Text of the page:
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Cape Council to consider housing loan

Private seniors affordable housing project proposed through the CRA

October 3, 2019
Lehigh Acres Citizen

Cape Coral City Council will consider a proposal to loan a developer money toward an affordable housing complex for seniors in the South Cape.

The elected board is expected to vote Monday on a resolution to authorize a commitment of a loan in the amount of $560,250 from the city and funded by the city's Community Redevelopment Agency for the development of an affordable senior citizen rental community on Miromar Street.

"It's in an area we're looking to support. It won't be subsidized housing. It's low income. We want seniors 55 and over that need financial assistance to have a nice, decent apartment to live in," Cape Coral Mayor Joe Coviello said. "I think downtown is a perfect location and I think it will help a lot of our senior citizens."

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Madison Square, a subsidiary of American Residential Communities (ARC), based out of Winter Park, is a private sector residential development company that utilizes low income housing tax credits to develop senior affordable housing throughout the state.

ARC has built more than 2,200 affordable housing developments in the last 15 years and is currently building an elderly high rise in Clearwater, according to information provided by the city.

According to the staff presentation, the housing will be for seniors earning a minimum of 33 percent of the area median income (AMI), with 10 percent of housing going toward that, with the rest going to those who earn 60 percent of AMI.

Half of the 33 percent units (5) will be for those with special needs, with the possible projects being for survivors of domestic violence or with a disabling condition or persons with a disabling condition.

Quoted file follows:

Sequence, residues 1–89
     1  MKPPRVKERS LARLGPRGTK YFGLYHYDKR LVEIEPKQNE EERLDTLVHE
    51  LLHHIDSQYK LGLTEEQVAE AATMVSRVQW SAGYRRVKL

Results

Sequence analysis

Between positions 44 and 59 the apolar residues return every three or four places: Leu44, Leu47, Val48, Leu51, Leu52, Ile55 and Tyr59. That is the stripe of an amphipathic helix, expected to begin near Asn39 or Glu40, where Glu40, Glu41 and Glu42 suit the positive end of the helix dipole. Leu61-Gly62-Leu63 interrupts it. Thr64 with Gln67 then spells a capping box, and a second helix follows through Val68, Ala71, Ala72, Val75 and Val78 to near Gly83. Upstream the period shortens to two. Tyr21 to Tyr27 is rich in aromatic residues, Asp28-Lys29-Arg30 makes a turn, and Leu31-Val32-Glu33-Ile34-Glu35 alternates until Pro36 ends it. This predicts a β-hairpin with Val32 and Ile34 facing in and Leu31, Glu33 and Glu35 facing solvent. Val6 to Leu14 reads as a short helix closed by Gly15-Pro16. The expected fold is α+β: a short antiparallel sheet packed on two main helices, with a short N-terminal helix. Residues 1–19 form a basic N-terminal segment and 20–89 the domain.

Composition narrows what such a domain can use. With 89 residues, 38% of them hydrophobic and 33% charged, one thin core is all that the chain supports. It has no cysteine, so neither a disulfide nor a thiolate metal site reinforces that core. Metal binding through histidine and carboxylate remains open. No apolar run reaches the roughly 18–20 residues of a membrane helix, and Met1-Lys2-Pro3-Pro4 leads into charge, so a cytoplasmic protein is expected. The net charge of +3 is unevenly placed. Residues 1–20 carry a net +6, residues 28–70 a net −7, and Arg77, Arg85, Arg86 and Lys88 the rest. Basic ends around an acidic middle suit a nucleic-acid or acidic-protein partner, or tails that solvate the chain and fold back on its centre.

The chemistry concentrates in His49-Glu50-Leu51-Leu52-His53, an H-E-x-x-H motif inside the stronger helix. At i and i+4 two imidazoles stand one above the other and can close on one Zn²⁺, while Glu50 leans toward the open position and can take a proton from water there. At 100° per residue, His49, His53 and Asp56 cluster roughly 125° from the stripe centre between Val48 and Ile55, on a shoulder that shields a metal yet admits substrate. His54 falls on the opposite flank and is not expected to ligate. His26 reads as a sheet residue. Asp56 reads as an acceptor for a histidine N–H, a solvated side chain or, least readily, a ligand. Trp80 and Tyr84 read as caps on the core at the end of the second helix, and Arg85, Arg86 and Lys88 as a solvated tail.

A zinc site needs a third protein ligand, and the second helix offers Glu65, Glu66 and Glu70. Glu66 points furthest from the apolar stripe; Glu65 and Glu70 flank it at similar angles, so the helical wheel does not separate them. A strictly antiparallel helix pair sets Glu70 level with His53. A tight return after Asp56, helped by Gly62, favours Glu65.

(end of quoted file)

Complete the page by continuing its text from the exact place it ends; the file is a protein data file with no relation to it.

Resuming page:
For those at 33 percent, a one-bedroom, one-bath unit would cost $358 per month, with a 2/2 starting at $421 per month. At 60 percent, it would be $698 for a 1/1 and $829 for a 2/2.

Amenities would include access to property management support 24/7, supervised activities, light housekeeping, grocery shopping and laundry, and daily checking in on each resident.

The project is expected to produce around 200 construction jobs and is estimated to generate between $50,000 and $80,000 in taxes.

The loan would be repaid at a rate of 3 percent over 18 years. Funds would not be necessary until Sept. 1, 2021, with the first payment not due until the second quarter of 2022.

The loan would be funded by the CRA but the loan agreement will be between the city and the developer. An agreement will be entered into between the city and the CRA outlining the funding of the loan and its terms.

There are sufficient funds in the CRA budget to fund this project, officials said. The estimated cost of the development is $19.2 million.

Also on Monday's Council agenda will be a presentation to Council on the impacts the city can expect to face in the face of climate change and how to prepare for it by creating a group designed to address it.

Mike Savarese and Maya Robert will talk about the development of a Southwest Florida Regional Resiliency Compact, a collaboration created to improve resilience for sea-level rise, storminess, increased precipitation, and rising temperatures.

They will encourage the city and other local governments to share best practices, resources, and information, align their respective initiatives and efforts, and co-produce assessments, public policy interventions, and other materials beyond the scope of any one single partner, according to the presentation.

This compact would unite Lee, Charlotte and Collier counties, and their 10 cities.

Cape Coral City Council meetings begin at 4:30 p.m. at City Hall, 1015 Cultural Park Blvd.

 
 

 

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